Music Theory/Counterpoint

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Species Counterpoint[edit | edit source]

Double and Multiple Counterpoint[edit | edit source]

Contrapuntal Forms[edit | edit source]

Canon[edit | edit source]

Fugue[edit | edit source]

Fugue is sometimes considered to be the goal of contrapuntal study. Its definition may vary, depending upon the person asked but this book will consider three definitions.

(1) A formal compositional structure, consisting of a fugal exposition of a subject, a development with one or more middle entries, and a recapitulation
(2) A compositional device for the elaboration and development of a single (or multiple) musical idea(s)
(3) A texture within a larger compositional structure or form which utilizes fugal devices or parts of a formal fugue

Traditional part writing is often based on counterpoint (adjective contrapuntal), in which a second melody is written to use harmonic intervals that create primarily consonant (good sounding) relationships between notes. First, a leading melodic line must be written, then contrapuntal methods may be used to add additional melodic lines. Consonants are further divided into perfect and imperfect consonants and contrasted by dissonance (which sounds bad). Traditionally the unison, the octave and the fifth were considered perfect consonances while the third and sixth were considered imperfect consonances; the fourth was considered a dissonance if it was above the leading line but a consonance if below, though modern theorists have questioned the need for this distinction. Other notes are considered dissonant. Additional melodic lines beyond the second may be added by writing them in counterpoint to all the lines already written.

In addition, the types of movement made a difference. In early theory there were three types of movement: direct, in which both melodic line move in the same direct, oblique in which one line moves and the other does not, and contrary in which both lines move in opposite directions. Some modern theorists further divide direct motion into similar motion, in which both lines move different distances in the same direction, and parallel motion in which both lines maintain the same interval between them. Early counterpoint texts (such as Johann Joseph Fux's Gradus ad Parnasum) listed several rules for moving lines, however these can be boiled down to one: Don't move from perfect consonance to perfect consonance by direct motion. The addition of dissonance may be added on an off beat, to be resolved on the next on beat. Large jumps are discouraged, and it is recommended that they be followed by stepwise motion in the opposite direction. The octave should be used vary sparingly and the unison avoided, however, as these tend to make the melodic lines blur together.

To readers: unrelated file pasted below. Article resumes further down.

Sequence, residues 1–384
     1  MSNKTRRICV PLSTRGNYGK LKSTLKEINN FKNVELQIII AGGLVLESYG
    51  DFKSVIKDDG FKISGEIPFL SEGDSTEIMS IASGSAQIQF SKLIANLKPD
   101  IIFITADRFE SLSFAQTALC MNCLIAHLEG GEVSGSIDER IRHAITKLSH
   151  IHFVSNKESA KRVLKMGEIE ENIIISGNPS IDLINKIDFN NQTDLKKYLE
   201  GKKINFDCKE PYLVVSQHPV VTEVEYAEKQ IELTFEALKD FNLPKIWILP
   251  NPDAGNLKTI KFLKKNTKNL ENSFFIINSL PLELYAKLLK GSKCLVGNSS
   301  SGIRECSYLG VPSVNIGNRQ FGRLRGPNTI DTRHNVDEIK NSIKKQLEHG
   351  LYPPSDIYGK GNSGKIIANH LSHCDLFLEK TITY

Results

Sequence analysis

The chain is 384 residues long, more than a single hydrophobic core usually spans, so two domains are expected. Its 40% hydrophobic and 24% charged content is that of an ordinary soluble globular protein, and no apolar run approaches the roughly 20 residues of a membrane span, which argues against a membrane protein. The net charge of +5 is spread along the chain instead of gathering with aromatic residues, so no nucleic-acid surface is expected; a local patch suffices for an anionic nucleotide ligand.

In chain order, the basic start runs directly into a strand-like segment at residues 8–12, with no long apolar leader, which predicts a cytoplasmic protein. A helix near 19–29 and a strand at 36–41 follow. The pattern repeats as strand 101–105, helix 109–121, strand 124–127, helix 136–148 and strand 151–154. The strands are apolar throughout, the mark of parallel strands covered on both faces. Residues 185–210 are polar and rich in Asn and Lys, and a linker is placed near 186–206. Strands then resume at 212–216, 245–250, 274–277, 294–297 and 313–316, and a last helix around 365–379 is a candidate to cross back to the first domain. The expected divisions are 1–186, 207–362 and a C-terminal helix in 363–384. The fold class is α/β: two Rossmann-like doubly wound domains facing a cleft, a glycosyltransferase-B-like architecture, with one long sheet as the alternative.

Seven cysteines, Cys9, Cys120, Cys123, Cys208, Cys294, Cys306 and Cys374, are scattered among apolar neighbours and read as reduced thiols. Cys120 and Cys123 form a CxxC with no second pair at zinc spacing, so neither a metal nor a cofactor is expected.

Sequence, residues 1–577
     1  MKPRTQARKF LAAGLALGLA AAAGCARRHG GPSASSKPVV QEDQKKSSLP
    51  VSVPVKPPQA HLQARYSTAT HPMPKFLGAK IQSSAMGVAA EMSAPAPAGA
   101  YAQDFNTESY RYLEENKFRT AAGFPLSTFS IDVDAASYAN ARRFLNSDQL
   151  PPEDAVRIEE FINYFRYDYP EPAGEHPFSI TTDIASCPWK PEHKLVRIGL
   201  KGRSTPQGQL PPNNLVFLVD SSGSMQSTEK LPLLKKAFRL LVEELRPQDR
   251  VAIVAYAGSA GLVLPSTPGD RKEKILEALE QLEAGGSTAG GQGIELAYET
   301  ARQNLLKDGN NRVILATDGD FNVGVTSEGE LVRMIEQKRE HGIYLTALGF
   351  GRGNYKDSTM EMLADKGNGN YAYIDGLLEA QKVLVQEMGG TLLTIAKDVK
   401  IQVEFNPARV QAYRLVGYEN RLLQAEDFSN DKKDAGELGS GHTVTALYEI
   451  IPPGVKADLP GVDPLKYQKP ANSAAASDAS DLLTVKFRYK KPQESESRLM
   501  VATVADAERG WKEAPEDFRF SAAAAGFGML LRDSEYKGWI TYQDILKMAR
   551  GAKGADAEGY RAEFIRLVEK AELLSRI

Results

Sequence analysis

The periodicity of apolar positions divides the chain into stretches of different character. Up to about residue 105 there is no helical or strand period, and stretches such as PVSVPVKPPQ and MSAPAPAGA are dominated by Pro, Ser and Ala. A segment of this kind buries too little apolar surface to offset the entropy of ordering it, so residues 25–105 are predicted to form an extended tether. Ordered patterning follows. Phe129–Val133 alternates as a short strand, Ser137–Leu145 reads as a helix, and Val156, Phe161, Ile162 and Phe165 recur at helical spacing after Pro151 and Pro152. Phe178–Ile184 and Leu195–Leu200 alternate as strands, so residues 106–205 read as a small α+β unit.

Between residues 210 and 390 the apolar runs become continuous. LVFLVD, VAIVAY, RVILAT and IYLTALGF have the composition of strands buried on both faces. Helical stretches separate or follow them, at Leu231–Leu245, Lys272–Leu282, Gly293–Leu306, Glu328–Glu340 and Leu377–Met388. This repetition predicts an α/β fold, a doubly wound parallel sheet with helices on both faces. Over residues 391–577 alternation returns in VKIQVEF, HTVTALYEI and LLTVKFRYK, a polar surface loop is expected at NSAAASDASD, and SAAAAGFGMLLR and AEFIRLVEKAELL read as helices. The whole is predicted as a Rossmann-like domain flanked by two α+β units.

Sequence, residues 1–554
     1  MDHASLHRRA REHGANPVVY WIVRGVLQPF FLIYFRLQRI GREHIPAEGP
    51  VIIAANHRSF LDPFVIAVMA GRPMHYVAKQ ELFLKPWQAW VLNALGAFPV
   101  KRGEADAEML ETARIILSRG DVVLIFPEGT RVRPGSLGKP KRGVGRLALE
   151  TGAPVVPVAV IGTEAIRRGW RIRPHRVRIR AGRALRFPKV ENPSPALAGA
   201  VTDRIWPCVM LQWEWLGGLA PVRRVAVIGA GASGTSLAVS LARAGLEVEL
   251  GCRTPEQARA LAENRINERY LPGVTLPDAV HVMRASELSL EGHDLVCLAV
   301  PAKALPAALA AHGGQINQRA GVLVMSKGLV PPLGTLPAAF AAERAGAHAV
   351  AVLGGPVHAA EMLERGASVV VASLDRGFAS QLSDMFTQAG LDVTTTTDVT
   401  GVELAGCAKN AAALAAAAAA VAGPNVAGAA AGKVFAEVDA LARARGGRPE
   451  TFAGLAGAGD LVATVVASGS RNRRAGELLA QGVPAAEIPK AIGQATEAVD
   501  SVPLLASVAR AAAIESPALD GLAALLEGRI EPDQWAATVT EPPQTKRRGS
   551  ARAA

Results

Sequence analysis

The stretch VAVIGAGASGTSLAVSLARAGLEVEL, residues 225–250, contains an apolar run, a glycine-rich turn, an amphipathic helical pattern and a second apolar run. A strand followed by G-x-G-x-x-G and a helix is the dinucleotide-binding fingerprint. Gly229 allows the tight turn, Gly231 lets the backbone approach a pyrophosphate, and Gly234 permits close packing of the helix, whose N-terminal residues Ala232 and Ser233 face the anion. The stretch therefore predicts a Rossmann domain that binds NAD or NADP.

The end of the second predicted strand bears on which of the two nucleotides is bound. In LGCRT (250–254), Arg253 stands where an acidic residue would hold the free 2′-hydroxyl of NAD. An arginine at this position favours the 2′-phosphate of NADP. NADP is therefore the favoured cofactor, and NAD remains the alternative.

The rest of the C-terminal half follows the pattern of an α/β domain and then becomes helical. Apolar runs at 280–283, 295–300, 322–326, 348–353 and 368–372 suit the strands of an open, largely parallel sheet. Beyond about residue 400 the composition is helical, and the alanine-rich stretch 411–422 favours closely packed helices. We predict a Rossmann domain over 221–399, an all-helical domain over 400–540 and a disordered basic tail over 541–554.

Various rhythms could be used in the various melodic lines, and this was encouraged with the goal being "florid counterpoint" in which various rhythms are mixed in an elaborate way. If a smaller note is used in the following line then dissonance must be on the second note; if the following note starts after the leader, then it must start on the dissonance. Of course, neither have to be dissonant, and a consonance may be used in both places. A series of stepwise movements may also be used to move over several dissonances between consonances. However, two notes one semitone apart (sometimes described as "fa on mi") should always be avoided.

Double Counterpoint is the practice of writing a line so that both the intervals and their inversion (usually octave inversions, but tenth and twelfth inversions may sometimes be used) follow an acceptable pattern of consonance and dissonance. This is done so that a transposed version of the resulting melodic line may be used as a separate part. This is especially common in classical and baroque fugues.

Note that a modern composition that follows a chord progression may just write all parts to fit the same chord, however, use of contrapuntal principles may still be useful in order to make to melodic lines work better together.